Appreciation of Janet Boulton

Janet Boulton, 1936-2024

Janet Boulton, the painter, gardener and friend of Ian Hamilton Finlay, died peacefully in hospital on 24th January 2024 at the age of eighty-seven. In the early 1990s, she began to visit Little Sparta and became the informal artist-in-residence. During the following years, she produced a handsome body of paintings that encompassed the garden and surrounding landscape, interiors and the model sailing boats. The scale and variety of this achievement was evident in her exhibition, Remembering Little Sparta, at Edinburgh School of Art (2009) and recorded in her publication of the same title.

Janet was born in Blunsdon, Wiltshire, into a farming family and enjoyed a rural childhood. She studied at Swindon School of Arts and Crafts (1953-55) and Camberwell School of Art (1955-58). Her career was dedicated to art, both as an educator and painter. She spent forty fulfilling years as a part-time and somewhat unorthodox art teacher (1959-99), while simultaneously developing her practice as an artist. Janet’s personality suited her vocation. She was confident and determined, robust and authoritative, as well as generous and sensitive. Janet’s momentum never faltered, and her artistic life was marked by numerous solo exhibitions at galleries across the country, including the Mercury and Redfern in London, and, more recently, at Swindon Museum and Art Gallery (2018), Magdalene College, Oxford (2019) and STEAM, Swindon (2021).

Her decision to paint in watercolour, rather than oil and acrylic, proved to be the turning point in her career, and it coincided with settling in Abingdon during 1979. Shortly after, she became interested in gardening, botanical studies, and garden history, and she embarked on a succession of detailed, long-term explorations of selected places in the UK and Italy. These included the Boboli Gardens and Villa La Pietra in Florence, as well as Little Sparta. Each garden she painted influenced the development of her own garden at 64 Spring Road, Abingdon. In the mid-1990s, her interest in the work of Ian Hamilton Finlay inspired her to install inscriptions and artworks, which prompted applause for her unique contribution to small garden design.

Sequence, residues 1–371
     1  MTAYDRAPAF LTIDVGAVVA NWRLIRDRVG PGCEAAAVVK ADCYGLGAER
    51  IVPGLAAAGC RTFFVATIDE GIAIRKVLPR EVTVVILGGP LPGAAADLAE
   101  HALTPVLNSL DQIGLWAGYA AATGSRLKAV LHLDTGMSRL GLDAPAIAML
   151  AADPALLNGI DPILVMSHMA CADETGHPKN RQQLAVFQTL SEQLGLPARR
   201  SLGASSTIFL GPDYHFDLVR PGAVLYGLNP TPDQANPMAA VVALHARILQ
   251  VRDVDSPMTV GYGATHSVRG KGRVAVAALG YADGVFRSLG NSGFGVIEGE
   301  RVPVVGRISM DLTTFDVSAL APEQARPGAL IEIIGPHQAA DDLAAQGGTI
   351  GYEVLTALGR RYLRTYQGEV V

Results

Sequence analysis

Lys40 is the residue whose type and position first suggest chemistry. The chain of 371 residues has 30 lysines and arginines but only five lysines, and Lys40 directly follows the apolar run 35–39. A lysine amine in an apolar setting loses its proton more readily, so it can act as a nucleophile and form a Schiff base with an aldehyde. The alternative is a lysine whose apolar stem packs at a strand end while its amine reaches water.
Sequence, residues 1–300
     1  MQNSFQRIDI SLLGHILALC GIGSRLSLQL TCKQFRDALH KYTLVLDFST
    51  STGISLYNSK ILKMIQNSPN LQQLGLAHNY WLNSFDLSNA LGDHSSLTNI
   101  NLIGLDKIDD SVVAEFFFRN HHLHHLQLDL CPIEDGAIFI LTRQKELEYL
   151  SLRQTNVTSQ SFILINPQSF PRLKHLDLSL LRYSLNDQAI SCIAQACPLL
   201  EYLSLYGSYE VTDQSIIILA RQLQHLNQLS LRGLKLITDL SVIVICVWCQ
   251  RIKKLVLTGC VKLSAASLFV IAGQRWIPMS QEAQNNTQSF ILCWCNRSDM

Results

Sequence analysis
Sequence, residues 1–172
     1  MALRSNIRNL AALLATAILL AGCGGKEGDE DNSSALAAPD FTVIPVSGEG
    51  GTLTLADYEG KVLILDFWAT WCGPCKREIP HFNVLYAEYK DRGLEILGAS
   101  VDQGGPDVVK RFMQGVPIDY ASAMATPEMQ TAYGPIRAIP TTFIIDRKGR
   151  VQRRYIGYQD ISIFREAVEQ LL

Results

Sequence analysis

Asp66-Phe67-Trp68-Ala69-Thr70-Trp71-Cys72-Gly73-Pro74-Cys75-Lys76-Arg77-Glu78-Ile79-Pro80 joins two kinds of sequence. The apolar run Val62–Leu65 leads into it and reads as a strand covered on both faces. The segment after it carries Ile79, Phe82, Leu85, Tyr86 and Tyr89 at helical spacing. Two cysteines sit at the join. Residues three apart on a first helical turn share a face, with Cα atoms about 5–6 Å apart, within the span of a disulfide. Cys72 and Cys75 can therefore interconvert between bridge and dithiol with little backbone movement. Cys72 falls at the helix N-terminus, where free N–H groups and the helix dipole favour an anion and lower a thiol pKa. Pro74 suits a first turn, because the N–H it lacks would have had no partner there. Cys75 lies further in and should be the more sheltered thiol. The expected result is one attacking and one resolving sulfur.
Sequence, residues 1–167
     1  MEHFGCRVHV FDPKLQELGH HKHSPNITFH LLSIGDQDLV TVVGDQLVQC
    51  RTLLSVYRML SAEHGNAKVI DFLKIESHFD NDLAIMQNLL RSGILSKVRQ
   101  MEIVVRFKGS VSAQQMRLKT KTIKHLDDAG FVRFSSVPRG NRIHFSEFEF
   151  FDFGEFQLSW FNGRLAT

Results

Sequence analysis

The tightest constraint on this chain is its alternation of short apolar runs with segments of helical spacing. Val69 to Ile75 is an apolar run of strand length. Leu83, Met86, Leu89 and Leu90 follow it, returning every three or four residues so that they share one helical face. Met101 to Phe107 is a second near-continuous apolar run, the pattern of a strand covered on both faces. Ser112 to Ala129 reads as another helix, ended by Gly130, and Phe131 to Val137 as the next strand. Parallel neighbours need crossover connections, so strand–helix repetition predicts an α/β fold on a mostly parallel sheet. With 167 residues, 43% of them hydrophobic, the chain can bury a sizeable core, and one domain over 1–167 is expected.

When I was invited to the opening of the Serpentine Gallery garden in London during 1998, Ian encouraged me to seek out Janet among the guests. He similarly urged Janet to look out for me. We met and struck up a conversation that continued for twenty-five years. She was tickled when I signed off an email or phone call with the phrase ‘Carry On Carrying On’, and later adapted it for her final Christmas greeting: ‘I Carry On Carrying On’. We are fortunate that Janet continues to ‘Carry On’ through the diligence with which she documented her work. An online search will find umpteen websites. Of these, three can be especially recommended. Her own website is a consummate encapsulation of her oeuvre, including her publications and films of her garden. Through the website of the Garden Museum we can enjoy her talk The Artist and Gardener. Her e-book, ML11 8NG, was created for the website of the Little Sparta Trust The title aptly invokes the place through its postcode, whose sculpted version is embowered in her own garden. Turn the pages to relish the selection of her watercolours, paper-pulp reliefs and garden artworks that articulate her love of Little Sparta. 

Her first visit was in 1993. Ian had agreed not only that she could stay, but also that she could paint during her preferred season of winter. This was a unique privilege, considering that he was adamant that the garden only existed between May and September. In return, Janet cooked, and Ian tucked into the steaks she brought with her. On one of my visits, I also enjoyed her cuisine and the kitchen table chit chat. During each sojourn, she would sit outside wrapped in warm layers and paint her atmospheric watercolours of the garden.